Prosecutors need to charge anti-Asian violence as hate crimes. While any violent crime impacts the victim, a crime motivated by hate can impact entire groups of people, be they of a particular race, religion, ethnicity or sexual orientation.
To effectively deter future bigots from acting on their worst impulses, the criminal justice system must not only prosecute the violent acts, but also the hateful intent behind them.
The need to adopt this approach could not be more urgent. According to the New York Police Department, last year there was a 1,900% increase in hate crime incidents driven by anti-Asian sentiment. And almost 3,000 incidents of anti-Asian discrimination were reported to the Stop AAPI (Asian American Pacific Islander) Hate database, which was created after the pandemic began to track incidents of racial violence.
But let’s put a face to these alarming statistics. On the morning of January 28, Vichar Ratanapakdee, an 84-year-old Thai immigrant, was out on his morning walk in San Francisco when a 19-year-old assailant ran across the street and slammed him to the ground. Ratanapakdee lost consciousness, never to wake up again.
So far, state prosecutors in San Francisco have charged the defendant only with murder and elder abuse. He has pleaded not guilty.
The horrifying video footage of Ratanapakdee’s assault seems an open-and-shut case, but will it be charged as a hate crime? Ratanapakdee’s family believe it merits that charge and follows a pattern of violence against Asian Americans in the community (though no clear evidence has yet emerged to support this).
It’s important to consider the murder of Ratanapakdee against the historical backdrop of anti-Asian violence in America. Like crimes against other people of color, anti-Asian violence has been under scrutinized, under prosecuted, and often condoned throughout US history.
Both the 1871 lynching of 18 Chinese by a mob of some 500 White and Latino rioters in the heart of Los Angeles and the 1885 Rock Springs Massacre of 28 Chinese miners in Wyoming are reflective of many Americans’ attitude toward Asians in the 19th century. In the case of the Los Angeles lynching, eight defendants were convicted of manslaughter, but the charges were overturned on a technicality. And in the Wyoming massacre, while 45 of the White miners lost their jobs, no criminal charges were ever filed.
This disregard for Asian life is perhaps best captured by Judge Roy Bean’s reason for acquitting a defendant for the murder of a Chinese laborer in Texas: “I have read the entire 1879 Revised Statutes of Texas, and there ain’t a damn line nowhere that makes it illegal to kill a Chinaman.”
If you think this attitude ended in the 1800s, think again. In 1982, Vincent Chin was beaten to death by two White men who blamed Asians for the loss of auto worker jobs in Detroit. No hate crime was charged — the men were sentenced were each sentenced to three years of probation, fines of $3000 and $780 in court fees. The state judge who decided the case defended the sentence, saying: “These aren’t the kind of men you send to jail.”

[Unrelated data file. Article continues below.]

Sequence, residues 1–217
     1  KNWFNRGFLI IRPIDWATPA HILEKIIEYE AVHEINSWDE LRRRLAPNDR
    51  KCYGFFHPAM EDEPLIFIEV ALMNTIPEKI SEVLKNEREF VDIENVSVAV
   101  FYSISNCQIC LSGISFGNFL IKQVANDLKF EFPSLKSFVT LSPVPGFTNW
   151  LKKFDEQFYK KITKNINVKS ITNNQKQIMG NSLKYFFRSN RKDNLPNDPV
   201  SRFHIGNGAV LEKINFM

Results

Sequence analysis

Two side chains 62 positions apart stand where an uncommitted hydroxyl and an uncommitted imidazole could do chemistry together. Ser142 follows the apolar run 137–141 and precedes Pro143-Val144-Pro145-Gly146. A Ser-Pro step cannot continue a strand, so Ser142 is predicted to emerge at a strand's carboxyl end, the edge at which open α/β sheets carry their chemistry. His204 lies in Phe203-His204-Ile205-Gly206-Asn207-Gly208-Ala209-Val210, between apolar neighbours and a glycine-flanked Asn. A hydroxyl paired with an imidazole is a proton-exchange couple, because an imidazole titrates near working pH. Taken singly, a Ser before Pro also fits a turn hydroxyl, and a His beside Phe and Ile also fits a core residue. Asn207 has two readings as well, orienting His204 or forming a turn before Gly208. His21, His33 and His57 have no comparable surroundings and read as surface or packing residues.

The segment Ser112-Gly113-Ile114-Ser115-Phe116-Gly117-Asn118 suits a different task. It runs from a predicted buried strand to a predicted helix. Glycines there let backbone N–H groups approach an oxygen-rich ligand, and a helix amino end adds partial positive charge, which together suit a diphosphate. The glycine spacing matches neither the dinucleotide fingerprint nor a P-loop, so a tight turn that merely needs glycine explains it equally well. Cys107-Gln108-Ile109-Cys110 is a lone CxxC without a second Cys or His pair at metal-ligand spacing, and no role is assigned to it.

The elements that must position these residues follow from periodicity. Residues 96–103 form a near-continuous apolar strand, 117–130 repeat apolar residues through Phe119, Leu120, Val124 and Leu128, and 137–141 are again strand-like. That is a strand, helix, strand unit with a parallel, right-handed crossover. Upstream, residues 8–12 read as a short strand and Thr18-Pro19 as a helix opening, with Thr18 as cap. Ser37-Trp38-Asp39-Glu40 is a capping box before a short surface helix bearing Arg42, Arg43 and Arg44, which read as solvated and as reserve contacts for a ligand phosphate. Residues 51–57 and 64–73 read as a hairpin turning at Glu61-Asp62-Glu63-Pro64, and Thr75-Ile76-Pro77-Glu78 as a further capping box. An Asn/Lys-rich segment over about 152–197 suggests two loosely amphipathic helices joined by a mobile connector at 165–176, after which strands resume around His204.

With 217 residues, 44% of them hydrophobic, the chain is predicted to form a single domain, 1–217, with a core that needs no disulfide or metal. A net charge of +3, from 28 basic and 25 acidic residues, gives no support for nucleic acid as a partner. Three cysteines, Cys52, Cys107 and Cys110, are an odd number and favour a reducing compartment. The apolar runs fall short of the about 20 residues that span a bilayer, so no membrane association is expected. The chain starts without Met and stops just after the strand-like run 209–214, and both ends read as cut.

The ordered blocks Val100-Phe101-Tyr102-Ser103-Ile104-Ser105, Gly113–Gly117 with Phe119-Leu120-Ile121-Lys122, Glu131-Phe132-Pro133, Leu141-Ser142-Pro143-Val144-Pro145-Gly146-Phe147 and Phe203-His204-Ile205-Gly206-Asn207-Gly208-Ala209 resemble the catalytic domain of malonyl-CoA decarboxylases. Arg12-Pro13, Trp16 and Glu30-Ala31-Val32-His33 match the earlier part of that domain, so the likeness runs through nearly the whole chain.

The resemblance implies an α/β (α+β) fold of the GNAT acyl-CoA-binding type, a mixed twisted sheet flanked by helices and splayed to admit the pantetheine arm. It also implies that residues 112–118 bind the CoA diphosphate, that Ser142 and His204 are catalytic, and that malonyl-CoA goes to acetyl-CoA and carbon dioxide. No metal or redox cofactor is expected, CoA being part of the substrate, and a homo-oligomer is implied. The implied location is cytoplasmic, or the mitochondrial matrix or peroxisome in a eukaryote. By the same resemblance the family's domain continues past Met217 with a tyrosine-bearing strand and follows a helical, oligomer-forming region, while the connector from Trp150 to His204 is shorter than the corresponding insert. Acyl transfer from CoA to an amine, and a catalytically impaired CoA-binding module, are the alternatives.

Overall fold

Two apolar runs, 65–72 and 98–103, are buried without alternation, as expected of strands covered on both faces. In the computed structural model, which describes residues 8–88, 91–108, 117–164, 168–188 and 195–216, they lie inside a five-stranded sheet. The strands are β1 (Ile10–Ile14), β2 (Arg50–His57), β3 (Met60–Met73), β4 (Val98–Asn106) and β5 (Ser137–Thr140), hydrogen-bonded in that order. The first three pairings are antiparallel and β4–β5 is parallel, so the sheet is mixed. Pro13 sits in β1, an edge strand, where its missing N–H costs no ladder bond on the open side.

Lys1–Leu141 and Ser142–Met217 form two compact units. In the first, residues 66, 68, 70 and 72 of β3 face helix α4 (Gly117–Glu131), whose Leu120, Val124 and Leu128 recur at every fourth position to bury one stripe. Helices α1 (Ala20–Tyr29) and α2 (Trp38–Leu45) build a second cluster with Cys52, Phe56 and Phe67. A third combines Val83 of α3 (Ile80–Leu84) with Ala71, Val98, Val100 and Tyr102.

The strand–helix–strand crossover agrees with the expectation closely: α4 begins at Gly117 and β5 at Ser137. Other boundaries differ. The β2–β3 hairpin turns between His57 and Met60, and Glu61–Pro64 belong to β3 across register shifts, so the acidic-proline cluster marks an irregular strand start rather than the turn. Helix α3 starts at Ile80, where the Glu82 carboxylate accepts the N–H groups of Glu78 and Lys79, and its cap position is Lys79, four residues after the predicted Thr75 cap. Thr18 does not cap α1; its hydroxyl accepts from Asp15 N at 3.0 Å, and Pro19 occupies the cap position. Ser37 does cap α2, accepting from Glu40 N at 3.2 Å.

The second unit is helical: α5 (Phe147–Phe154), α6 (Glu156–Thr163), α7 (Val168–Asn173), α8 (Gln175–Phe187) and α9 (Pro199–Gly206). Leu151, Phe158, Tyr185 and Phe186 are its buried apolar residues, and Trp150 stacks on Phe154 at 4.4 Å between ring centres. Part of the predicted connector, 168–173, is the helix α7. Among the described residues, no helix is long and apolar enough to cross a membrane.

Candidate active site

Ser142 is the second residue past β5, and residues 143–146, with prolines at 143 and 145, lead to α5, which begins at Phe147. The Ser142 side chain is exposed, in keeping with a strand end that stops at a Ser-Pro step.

And while the federal government, reacting to a groundswell of Asian American activists protesting the light sentence, did bring the first ever hate crime charges on behalf of an Asian American victim, the results were disappointing. In the federal hate crime case, one defendant was acquitted and the other had his conviction overturned on appeal.
But just because the criminal justice system has fallen short in the past doesn’t mean it needs to do so in the present — or the future.
Still, prosecutors are often reluctant to charge hate crimes because they think they are hard cases to prove. Simply put, they are afraid to risk losing these cases.
I’ve seen this reality firsthand. Once, when I was a young federal prosecutor in Washington, DC, I wanted to charge a hate crime but was dissuaded from doing so by my supervisor, who told me that proving the crime was motivated by racial animus added an unnecessary “burden.” It was better to secure a conviction for assault than risk losing the entire case on the hate crime charge, he reasoned. I took his advice, but I regret it today.
In fact, in my 11 years as a prosecutor in Washington, I do not remember prosecuting a single instance of a bias-related crime.
I understand the reluctance of prosecutors to try difficult cases. No one likes to lose, and prosecutors fear losing just like everybody else. But charging a hate crime does not necessarily make it harder to secure a conviction — the evidence of the crime alleged to be motivated by hate often speaks for itself. For example, in the Ratanapakdee case, even if prosecutors cannot prove at trial that the defendant who ran full-speed into an 84-year-old was motivated by racist animus, it will likely have little impact on whether the defendant is convicted of murder and elder abuse.
No doubt some prosecutors may differ with this view, arguing there is a duty to bring charges only where there is a high likelihood of conviction, because acquittals may undermine confidence in the criminal justice system. But having hate crime laws on the books and not using them undermines confidence in the criminal justice system far more because it sends the message that hate crimes do not really matter.
At the US Attorney’s Office in Washington, we had a saying about difficult cases: “Win or lose, some cases just need to be tried.” The lives of Ratanpakdee, Chin, the Chinese victims lynched in Los Angeles and those massacred in Rock Springs — as well as countless other victims of racist violence — deserve courageous and righteous prosecutions.